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This article was originally published in issue #3
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The JCM 800 is a classic amp in the history of Marshall, and has been the basis for many of the brand's leading signature models for guitarists including Zakk Wylde, Slash and Kerry King. It has also been used by countless guitar super stars and has helped to carve many of the classic tracks and solos in Rock history. I myself used a JCM 800 50 watt combo back in the 80's, and as a young teen. Of course, I didn't understand what the amp would become and I sold it - the things we do!
Although Zakk Wylde has a signature version of the head, including custom Bulls Eye graphics, we've chosen to take a look at the standard model, which is what you will find in the stores and may be more suited to the everyday needs of most guitarists, as well as being visually a little less stylised. Zakk also favours his signature EV speakers, whereas the cab we used in our video demo was loaded with stock Marshall Celestion speakers.
This is a classic British 100 watt amp using the time-honured complement of four EL34 power amp valves/tubes, and 3 ECC83s in the preamp. The construction and quality of the amp is fabulous, as you would expect; the rugged black vinyl covering and corner caps will keep this amp protected in and out of gigs and rehearsals. And of course, the classic styling is iconic: the gold front panel with the white Marshall logo. The control panel is very straightforward, including three band EQ, plus a presence control. The amp is a single channel design, so it's a real 'players' amp, which I love, making you really have to work the controls on the guitar. The JCM has a master volume and a preamp volume, which means the harder you drive it, the more the amp will crunch. There are two inputs on the front, Hi and Low sensitivity. The amp also has a series effects loop situated on the back and, because it's a single channel head, no footswitch is required.
For our video demo, I used the Zakk Wylde Les Paul we were loaned by Gibson for this issue, plus a Zakk Wyle signature MXR overdrive pedal. Using the two, you can really hear why Zakk chooses this combination. The amp itself when pushed goes from bright glassy cleans to a vintage style crunch, which is surprisingly clean when you look at the players that use it. One thing that I would have loved Marshall to have done with this head would have been to have voiced the EQ slightly differently to the originals. These amps were always a little bit bright, which is why so many top players from the '80s loved them as a basis, but would have them modified. I guess Marshall are sticking to the original spec, but I did find myself rolling-off quite a bit of top end.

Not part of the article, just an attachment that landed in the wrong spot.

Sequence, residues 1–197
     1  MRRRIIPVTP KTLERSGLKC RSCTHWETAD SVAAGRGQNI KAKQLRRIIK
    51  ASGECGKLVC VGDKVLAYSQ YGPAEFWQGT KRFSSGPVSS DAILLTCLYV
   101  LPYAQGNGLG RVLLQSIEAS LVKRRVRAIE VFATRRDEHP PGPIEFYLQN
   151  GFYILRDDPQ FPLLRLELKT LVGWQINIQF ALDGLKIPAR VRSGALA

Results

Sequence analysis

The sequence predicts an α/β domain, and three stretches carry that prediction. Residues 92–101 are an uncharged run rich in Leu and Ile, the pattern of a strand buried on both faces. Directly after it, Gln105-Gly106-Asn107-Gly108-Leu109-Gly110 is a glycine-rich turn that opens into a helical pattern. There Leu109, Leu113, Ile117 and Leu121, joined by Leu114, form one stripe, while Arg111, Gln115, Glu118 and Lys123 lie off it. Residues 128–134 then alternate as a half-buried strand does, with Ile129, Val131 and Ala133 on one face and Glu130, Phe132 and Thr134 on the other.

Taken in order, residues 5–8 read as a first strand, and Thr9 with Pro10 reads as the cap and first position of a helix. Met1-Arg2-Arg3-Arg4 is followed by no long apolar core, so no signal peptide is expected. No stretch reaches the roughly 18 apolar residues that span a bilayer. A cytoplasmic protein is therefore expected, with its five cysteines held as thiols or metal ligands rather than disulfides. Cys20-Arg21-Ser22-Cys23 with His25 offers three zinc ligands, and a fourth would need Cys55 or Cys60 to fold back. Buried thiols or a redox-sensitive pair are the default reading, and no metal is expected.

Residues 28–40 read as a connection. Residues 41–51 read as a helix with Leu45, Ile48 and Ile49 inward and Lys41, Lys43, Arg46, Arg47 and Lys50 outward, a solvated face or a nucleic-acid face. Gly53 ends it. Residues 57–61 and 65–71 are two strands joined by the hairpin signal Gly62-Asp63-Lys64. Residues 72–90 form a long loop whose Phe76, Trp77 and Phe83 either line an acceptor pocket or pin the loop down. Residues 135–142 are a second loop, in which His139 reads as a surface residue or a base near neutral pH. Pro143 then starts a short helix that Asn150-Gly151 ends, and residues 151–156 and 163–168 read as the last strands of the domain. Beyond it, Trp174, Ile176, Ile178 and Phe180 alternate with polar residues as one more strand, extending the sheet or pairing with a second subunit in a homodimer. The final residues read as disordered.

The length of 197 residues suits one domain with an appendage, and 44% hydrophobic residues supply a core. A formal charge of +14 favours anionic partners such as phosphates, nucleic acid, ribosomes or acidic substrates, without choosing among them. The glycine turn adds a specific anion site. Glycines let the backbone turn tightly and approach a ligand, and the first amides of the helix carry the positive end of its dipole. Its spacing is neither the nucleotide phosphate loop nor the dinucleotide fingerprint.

As I mentioned before, this type of amp really makes you work the guitar. I set the gain pretty high and then backed of the volume on the guitar to get bright, clean tones. Go the neck pickup and you get buttery warm, vintage sounds, that make you want to play Hendrix licks all day long! Like the amp, and although I'm not reviewing the MXR Wylde overdrive here, Zakk's signature pedal pedal is also surprisingly clean, and not a gain saturated mess of a pedal. Add that pedal to the crunchy amp, set everything pretty much half way on the pedal, and the Marshall starts to sing beautifully, with plenty of gain, but also lots of definition when picking. Dig in with some palm muting for thick rock/metal power chord chunk! This combination of gear helped me pop out some real squealing Zakk-esque tones, yet switch to the Gibson's neck pickup and just listen to those warm sustaining Gary Moore like sounds - beautiful stuff!
To round things up, this amp is a classic and I wouldn't hesitate to add it to my wish list. Is it very versatile? Some may argue that's there are amps that have many more features, but to my mind this is really all you need. I personally don't want an amp that comes with a pilot's handbook and that you need a degree to get a sound out of. This amp does everything that you would expect it to do, plus it makes you work your guitar, and unlock tones that you hear the pros get. Add an overdrive in the front, and delay in the FX loop, and there you have it: the tone that so many top players have used to record and perform on their classic tracks. Don't mess about, this is serious pro gear - but watch that treble control!